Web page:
Digital Media Campaigns: Just Like Old-Timey Storefront Marketing?

Lee Larson
June 28, 2017

Is building a digital media campaign really any different than an old-timey storefront? Let’s compare!

Blueprint

In order to arrive with actable takeaways, keeping the end in mind at the beginning of digital campaign planning is crucial. Identifying marketing objectives with measurable key performance indicators draws the blueprint, and all campaign elements should be built to specifications.

Foundation

You invested in the real estate – in this case, it’s your website, social media pages and any other digital assets you’ve constructed. Make sure they are sound, inspected and aligned with your future plans. These set the foundation for which the entire campaign will be built upon.

Windows

The windows are your “push” tactics, like banner ads and auto-play video. It’s when your customers are walking by on the sidewalk and something catches their eye and gives them a positive first impression.

Doors

Doors are gateways to the world beyond your own. They are your “pull” efforts of the campaign. You invite customers in through a value proposition that convinces them to see more. Often, this is through intriguing content or search ads where you have interested customers and need to guide them in.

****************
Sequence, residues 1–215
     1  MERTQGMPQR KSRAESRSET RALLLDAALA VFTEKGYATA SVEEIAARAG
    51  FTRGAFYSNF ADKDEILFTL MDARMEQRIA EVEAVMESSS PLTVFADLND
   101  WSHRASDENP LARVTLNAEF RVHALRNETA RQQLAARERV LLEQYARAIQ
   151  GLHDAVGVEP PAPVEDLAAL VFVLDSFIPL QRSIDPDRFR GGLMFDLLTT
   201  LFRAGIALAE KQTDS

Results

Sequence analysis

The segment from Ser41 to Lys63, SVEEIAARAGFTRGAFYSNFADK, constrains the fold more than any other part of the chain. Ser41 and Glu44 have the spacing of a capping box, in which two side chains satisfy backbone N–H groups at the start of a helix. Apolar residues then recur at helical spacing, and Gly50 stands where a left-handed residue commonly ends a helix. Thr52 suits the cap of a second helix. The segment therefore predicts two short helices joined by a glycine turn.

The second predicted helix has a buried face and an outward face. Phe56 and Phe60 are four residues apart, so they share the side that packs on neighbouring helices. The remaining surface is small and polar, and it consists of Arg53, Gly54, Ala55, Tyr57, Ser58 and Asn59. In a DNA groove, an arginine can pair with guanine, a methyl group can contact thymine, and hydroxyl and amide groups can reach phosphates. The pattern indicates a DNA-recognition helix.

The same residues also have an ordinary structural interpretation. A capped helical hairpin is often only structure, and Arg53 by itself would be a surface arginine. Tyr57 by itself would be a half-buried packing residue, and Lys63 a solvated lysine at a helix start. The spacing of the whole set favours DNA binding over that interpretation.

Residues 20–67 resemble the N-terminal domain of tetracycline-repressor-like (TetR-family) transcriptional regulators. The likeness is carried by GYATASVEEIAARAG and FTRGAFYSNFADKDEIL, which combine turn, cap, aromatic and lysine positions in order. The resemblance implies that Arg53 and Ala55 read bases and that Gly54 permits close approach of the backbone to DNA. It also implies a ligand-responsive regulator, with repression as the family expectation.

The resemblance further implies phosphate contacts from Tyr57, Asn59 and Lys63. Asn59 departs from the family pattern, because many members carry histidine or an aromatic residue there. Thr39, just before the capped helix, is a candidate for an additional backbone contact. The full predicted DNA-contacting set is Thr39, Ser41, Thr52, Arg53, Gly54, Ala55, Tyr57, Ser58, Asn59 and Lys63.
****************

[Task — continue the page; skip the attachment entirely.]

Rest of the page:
Interior

The wall decor and furniture matter. The customers are in your store – what do you want them to do when they watch that video, click that link or read that article? Does the place on your website where they land make sense with what got them there? For example, if a customer thinks he is going to watch a video about smart buying processes in a down ag economy, and you take him to a salesy product page, he’s likely going to turn around and grumpily walk out the door. This is commonly referred to as a “bad brand experience.”

Maintenance

Your content gets old and dusty, and customers grow tired of looking at the same thing all the time. Clean, refresh, optimize and continually provide value to keep loyal customers coming back. Change the flickering light bulbs for those who fit your target audience but haven’t set foot in your door yet.

Measure Success

Analyze what matters. If you have a lot of traffic but not a lot of conversions, explore why. Assess what kind of customers are coming in the door, and then go out and find customers that look like the ones that do convert. Do more of what works; do less of what doesn’t. Overall, make sure what you are measuring aligns with the objectives, key performance indicators and makes sense with the tactics you are using. Use consistent, concise and clear reporting to guide you.

The tactics, avenues and customer journeys may change; but the principals of digital campaigns are the same as any other type of marketing. Tell a good story, engage new customers and give them a reason to keep coming back.

Paulsen Helps Make the Stockyards Ag Experience Come to Life

Alltech Ad Gets High Marks in Readership Study

Engagement